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STUDENT EDITOR BLOG

'I must get a grip on my interview anxiety - but how?'

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Interviews; there is no getting away from them, and since I began my journey to become a nurse I have endured a number of them.

Leanne-Siekiera-SNT3

I use the word endured because I view them as a real weakness of mine.

My first interview was for the university access course. Completion of this then enabled me to apply for my nursing degree which required me to go through another interview process. I then had to be interviewed to secure my secondment, and of course there are then the interviews to secure band 5 nursing positions.

You would think that by now I would be a pro and that interviews would be a breeze for me, but unfortunately that is not the case. I do all of the things that we are advised to do before an interview. I spend time preparing, do a huge amount of background reading and research common interview questions. And still I never feel prepared. Interviews make me feel anxious, and if I am honest, a little inadequate. I have a real problem with selling myself and it really is a barrier that I need to overcome, especially if I want to progress further with my nursing career.

As an example, in a recent interview I was asked to describe my personal achievements over the last 3-5 years. When I look back at what I have actually achieved there was so much that I could have included in my response. I have done many things that I am proud of and that are great achievements for a student nurse. If I was advising another colleague I would have told them to mention any of them - so why didn’t I take my own advice? Instead I gave a brief answer mainly describing my academic achievements and moved on. Shamefully I didn’t even highlight the fact that I had been selected for this position of Student Nursing Times editor! It was extremely frustrating and a poor attempt at selling myself because I know that I have a lot more to give.

So what is it that makes me so uncomfortable?

The anxiety comes when the questions are focused on me as a person. The common question of ‘tell us about yourself’ makes me want to run from the room and hide. What precisely do they want to know? And how much? I find this type of focus hard to deal with. It’s silly I know because when I sit and reflect, this question is probably the easiest question that I will ever be asked in an interview. It is about me - there can be no wrong answer!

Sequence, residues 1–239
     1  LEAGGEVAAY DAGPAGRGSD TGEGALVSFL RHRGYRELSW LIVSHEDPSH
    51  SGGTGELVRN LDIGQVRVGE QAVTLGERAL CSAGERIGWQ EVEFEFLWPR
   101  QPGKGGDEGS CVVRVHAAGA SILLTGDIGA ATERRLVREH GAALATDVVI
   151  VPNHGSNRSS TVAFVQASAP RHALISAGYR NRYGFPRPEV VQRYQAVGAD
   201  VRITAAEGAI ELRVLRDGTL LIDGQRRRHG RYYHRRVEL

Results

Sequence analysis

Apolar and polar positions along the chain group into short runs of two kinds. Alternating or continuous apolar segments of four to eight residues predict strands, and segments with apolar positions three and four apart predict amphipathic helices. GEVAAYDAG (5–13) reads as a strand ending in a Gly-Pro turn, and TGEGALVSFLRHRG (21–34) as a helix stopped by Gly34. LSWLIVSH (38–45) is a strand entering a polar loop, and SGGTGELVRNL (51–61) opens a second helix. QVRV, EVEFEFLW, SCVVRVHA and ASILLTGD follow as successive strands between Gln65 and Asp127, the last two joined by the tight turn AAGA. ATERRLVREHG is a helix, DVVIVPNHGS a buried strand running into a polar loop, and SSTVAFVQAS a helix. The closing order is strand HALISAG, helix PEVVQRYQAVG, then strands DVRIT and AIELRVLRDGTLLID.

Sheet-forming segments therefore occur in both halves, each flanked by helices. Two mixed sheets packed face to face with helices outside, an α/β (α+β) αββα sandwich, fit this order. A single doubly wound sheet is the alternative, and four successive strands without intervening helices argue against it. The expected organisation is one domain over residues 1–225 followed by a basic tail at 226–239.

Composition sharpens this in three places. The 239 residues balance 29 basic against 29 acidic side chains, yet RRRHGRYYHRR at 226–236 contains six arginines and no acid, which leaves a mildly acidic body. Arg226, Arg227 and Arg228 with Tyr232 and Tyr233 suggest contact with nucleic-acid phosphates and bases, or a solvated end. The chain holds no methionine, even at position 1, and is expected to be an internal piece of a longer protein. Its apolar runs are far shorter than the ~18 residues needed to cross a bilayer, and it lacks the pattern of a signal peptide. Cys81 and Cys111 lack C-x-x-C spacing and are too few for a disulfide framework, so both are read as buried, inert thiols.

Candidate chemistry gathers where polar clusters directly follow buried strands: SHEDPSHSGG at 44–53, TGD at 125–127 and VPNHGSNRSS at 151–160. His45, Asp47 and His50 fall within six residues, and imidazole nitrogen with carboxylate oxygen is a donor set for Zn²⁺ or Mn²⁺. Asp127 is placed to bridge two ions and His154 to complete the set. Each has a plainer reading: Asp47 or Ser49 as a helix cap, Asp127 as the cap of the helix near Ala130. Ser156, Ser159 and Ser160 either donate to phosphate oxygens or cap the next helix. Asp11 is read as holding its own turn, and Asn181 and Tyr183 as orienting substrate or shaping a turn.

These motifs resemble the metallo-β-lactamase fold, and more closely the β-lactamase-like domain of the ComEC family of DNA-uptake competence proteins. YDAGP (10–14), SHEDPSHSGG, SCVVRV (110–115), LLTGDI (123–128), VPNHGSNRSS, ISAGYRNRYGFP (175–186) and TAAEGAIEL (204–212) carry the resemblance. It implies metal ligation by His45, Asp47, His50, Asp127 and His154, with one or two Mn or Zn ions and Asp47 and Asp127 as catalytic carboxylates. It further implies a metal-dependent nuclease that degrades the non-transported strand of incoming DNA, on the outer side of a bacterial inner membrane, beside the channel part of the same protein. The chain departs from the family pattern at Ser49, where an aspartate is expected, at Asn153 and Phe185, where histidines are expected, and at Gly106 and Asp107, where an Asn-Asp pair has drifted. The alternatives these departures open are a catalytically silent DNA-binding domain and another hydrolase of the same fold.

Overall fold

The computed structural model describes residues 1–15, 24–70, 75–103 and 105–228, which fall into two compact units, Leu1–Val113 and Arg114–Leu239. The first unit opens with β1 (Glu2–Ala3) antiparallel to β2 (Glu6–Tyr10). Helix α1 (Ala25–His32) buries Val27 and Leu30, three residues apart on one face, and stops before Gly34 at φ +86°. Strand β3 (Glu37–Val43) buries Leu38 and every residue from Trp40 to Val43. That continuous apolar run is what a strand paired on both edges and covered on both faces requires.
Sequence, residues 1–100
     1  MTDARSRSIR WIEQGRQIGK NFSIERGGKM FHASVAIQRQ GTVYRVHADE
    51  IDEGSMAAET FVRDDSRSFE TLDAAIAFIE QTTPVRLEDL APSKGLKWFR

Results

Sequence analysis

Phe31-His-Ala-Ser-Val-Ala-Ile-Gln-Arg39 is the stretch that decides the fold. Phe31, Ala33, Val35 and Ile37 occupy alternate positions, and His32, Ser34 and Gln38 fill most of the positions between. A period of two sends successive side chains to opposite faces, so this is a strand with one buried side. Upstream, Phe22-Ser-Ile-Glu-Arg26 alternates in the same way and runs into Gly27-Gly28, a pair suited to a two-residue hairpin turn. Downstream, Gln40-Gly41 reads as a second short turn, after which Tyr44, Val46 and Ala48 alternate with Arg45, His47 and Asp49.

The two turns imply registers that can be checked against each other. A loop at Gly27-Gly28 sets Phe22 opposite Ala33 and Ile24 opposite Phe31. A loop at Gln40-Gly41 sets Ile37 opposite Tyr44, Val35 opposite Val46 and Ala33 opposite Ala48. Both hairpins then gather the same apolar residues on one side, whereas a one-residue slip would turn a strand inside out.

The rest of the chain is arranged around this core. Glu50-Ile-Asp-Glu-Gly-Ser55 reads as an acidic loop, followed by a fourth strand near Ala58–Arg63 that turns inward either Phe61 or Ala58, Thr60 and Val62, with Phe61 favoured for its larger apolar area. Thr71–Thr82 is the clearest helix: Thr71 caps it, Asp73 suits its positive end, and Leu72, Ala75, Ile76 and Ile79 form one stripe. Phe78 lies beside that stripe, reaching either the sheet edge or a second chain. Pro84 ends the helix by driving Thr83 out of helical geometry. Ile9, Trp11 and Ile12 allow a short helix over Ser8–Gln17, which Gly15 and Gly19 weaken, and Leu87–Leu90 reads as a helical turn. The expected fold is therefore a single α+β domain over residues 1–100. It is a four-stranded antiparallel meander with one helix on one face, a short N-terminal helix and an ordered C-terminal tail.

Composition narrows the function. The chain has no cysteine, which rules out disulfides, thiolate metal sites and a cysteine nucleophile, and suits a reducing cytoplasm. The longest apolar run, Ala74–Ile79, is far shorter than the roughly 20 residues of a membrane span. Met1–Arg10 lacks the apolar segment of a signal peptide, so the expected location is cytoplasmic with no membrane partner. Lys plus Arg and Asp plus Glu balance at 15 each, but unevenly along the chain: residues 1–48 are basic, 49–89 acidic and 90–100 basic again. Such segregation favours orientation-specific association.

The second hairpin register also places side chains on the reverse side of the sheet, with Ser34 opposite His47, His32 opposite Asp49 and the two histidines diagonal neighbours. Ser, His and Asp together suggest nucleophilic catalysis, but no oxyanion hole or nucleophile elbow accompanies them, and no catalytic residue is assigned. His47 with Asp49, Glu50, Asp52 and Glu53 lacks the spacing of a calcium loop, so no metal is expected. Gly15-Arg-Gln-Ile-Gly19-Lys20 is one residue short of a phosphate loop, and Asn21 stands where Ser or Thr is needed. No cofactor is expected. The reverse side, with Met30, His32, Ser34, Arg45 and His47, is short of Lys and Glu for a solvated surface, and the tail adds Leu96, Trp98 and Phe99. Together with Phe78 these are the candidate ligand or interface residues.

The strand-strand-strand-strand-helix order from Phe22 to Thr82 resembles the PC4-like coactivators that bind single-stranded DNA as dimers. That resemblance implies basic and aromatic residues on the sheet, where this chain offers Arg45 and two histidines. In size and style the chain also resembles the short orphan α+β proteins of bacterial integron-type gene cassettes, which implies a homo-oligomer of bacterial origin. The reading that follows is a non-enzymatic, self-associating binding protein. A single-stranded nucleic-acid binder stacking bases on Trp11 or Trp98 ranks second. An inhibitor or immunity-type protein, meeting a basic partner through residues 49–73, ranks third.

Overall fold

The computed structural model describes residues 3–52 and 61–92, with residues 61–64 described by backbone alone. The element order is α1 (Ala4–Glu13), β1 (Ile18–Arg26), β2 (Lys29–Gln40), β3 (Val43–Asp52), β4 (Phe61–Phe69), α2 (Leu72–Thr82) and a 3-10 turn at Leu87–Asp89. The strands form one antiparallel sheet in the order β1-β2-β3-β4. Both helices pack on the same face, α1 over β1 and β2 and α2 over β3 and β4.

I much prefer scenarios and clinical questions because they are about how I would handle a situation and the care I would provide for my patients. The answers I provide for this type of questioning come much more naturally to me and I am often able to provide a good, solid response.

Interviewing against fellow students also adds to my anxiety. We have supported one another during the past three years, yet on the day of interview we are competing against one another. It is not a great feeling, particularly if you are interviewing for the same position. Again, I know that this is something that I will have to learn to deal with in the future or I may as well forget any thoughts of career progression.

However, despite the worries and sleepless nights I have regarding interviews I am pleased and immensely proud to say that I have interviewed for and secured my first band 5 position. I am going to be a nurse on accident and emergency.

There are challenging, exciting times ahead of me and I think that I now need to view interviews in a more positive light. They do fill me with dread and a fear of failure but they have also led me to my dream of becoming a nurse. For the future I will aim to stop doubting myself and embrace selling myself a little more. Please try to do the same - you deserve it.

Leanne Siekiera is Student Nursing Times’ student editor for adult branch

 

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